A Skver chassid born and raised in New Square, Aaron Breuer is the CEO and designer of SelfCAD, a new, affordable, and amateur-friendly cloud-based CAD (Computer Aided Design) software for 3D printers.
Although today students in Skverer schools learn English and Math, Aaron’s education did not include those subjects. However, he does believe that he was given the tools to think, seek out logical deductions and comprehend the material.
Aaron’s father encouraged creativity in his 14 children. They built sukkahs, closets and other structures using carpentry, electronics and painting. Aaron learned how to investigate, do research and develop new ideas, often surprising his father, as well as his rabbis. While he was often let out of class to tutor other students, he was happiest when he could spend time in the library doing research. To his teachers’ credit, they gave him the time.
He married at age 18, and joined the local kollel. His wife, Sima Leah, was slightly older at 19, and helped Aaron gain more confidence, believing all of his abilities were gifts from Hashem. Young looking, beautiful and modest, it is hard to believe she is today a mother of 10. Sima Leah was happy that Aaron learned for almost 10 years. When those 10 years were over, Aaron could count on his hands how many times he had left New Square. However, they were $20,000 in debt and he felt it was time to find a new direction – i.e., work.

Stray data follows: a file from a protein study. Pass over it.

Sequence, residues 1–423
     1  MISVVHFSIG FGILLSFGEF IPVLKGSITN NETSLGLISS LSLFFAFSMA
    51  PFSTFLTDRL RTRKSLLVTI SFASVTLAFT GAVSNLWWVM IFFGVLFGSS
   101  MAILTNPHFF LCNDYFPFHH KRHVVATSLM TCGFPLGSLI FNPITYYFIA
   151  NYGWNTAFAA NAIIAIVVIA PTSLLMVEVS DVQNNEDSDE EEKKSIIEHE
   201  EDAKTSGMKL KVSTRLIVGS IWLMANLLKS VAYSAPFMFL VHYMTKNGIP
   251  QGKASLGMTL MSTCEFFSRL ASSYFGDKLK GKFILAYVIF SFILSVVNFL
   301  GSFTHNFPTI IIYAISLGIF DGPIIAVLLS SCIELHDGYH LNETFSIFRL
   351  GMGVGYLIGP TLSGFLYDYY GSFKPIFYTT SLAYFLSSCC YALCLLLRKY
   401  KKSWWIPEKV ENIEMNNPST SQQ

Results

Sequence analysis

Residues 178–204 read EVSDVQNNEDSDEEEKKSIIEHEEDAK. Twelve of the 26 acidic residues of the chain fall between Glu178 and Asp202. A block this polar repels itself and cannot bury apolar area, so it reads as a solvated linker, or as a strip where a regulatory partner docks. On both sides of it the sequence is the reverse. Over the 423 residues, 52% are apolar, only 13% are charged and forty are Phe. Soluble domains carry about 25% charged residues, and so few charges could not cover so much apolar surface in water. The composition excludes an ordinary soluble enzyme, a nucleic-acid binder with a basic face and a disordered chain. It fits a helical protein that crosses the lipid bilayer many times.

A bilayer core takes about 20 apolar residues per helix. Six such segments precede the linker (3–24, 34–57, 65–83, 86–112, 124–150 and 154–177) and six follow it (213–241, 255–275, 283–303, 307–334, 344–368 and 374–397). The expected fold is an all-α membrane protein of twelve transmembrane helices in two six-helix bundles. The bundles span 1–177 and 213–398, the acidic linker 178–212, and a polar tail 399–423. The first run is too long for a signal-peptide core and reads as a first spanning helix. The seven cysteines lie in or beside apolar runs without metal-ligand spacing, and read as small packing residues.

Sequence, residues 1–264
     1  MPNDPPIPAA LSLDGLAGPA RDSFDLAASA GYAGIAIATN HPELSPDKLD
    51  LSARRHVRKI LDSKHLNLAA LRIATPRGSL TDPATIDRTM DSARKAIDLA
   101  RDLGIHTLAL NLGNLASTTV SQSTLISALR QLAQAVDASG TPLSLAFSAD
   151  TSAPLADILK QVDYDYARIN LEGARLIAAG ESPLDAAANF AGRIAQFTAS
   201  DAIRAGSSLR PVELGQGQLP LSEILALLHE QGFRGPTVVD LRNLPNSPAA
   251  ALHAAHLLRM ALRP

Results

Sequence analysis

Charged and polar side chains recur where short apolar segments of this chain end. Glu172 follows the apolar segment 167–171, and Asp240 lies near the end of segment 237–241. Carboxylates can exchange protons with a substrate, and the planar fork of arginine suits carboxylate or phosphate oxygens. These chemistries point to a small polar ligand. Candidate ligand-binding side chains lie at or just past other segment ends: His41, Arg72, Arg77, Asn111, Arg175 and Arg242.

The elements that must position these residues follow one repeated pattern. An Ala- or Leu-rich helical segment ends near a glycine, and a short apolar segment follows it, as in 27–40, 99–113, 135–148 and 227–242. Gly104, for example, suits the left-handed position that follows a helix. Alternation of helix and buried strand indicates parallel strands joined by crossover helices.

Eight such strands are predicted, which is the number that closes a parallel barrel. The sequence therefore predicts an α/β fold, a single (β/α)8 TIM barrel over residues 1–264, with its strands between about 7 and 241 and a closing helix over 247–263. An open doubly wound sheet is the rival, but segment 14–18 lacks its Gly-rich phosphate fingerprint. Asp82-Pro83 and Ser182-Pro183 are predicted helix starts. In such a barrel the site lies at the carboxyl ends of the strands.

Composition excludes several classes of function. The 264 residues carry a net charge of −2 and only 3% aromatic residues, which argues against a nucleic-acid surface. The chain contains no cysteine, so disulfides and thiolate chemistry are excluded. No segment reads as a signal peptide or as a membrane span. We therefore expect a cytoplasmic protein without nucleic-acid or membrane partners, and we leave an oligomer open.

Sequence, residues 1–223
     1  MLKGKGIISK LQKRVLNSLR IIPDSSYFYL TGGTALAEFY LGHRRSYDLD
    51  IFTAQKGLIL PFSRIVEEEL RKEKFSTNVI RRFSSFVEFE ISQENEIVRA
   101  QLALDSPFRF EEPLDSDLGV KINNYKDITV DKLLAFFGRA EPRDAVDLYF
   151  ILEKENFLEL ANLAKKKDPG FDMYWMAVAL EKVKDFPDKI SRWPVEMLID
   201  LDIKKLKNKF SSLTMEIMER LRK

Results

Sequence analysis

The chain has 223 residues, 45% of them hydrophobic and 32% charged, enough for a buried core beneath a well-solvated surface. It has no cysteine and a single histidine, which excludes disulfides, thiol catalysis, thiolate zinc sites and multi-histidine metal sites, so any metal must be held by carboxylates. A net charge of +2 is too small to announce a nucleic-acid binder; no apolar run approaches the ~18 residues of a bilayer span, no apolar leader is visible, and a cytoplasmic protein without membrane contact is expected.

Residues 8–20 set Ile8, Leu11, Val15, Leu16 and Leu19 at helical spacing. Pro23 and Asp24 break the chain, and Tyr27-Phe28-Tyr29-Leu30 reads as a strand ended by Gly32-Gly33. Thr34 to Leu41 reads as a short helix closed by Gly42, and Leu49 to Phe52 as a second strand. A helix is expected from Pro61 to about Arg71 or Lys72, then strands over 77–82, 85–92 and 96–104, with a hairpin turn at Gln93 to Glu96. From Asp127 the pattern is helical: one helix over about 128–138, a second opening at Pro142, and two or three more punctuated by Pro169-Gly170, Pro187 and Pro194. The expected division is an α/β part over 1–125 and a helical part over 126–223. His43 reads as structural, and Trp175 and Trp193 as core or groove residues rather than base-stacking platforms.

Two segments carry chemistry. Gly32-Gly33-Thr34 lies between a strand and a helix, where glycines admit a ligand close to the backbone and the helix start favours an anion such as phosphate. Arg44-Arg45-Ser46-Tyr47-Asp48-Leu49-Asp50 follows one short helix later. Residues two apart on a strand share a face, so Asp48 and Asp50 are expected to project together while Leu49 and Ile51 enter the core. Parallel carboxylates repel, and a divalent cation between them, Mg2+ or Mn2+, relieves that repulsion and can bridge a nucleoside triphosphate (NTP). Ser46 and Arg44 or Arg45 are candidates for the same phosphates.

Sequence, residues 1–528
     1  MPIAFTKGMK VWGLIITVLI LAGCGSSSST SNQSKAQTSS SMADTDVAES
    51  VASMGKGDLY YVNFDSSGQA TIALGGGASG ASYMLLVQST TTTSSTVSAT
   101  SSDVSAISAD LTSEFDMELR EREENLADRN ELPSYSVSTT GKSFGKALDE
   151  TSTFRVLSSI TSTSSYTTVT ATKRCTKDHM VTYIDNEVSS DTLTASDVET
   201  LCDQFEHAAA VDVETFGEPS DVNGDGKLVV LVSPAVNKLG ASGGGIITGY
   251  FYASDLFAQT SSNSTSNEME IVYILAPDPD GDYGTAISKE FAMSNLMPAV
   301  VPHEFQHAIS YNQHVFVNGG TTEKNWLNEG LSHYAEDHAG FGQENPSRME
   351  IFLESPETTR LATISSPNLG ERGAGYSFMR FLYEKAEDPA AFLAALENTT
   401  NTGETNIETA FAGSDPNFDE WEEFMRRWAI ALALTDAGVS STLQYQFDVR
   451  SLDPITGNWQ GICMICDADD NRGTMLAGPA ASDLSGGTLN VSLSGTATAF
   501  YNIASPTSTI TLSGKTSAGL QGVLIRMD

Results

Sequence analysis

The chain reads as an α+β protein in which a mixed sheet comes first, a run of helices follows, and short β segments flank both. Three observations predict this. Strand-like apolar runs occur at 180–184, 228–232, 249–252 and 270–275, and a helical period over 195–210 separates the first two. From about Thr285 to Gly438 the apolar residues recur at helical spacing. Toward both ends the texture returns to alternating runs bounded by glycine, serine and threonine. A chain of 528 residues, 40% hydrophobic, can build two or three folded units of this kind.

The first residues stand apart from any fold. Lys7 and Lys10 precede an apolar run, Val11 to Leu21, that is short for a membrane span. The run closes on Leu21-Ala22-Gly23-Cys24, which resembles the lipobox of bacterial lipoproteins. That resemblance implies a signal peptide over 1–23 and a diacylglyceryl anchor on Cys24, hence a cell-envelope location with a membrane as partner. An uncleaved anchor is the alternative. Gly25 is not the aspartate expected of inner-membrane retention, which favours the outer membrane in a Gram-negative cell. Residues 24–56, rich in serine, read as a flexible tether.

The community has few options for employment. Aaron’s family and the Rebbe wanted him to teach. He wasn’t interested. Nor did he visualize working in a blue-collar job. The world of commission and sales seemed to be his only course out of debt – except that he lacked an essential skill: a good command of English. Yiddish is the official language in New Square. He needed English and math to get a job. Doing what he does best, Aaron hit the books and devoted six months to studying. He familiarized himself with the mortgage industry – Fannie Mae, Freddie Mac, and different portfolio lenders – as well as memorizing the guidelines for each of the nearby banks.
Gemara learning helps one develop analytical thinking and concise and logical reasoning, and forces one to memorize, a skill most students don’t have today. Although New Square schools are often criticized for the limited secular subjects they teach, men who learn Gemara exclusively are usually quite capable of quickly mastering other disciplines, as they have learned to think. Breuer believes his love for research is his strongest asset.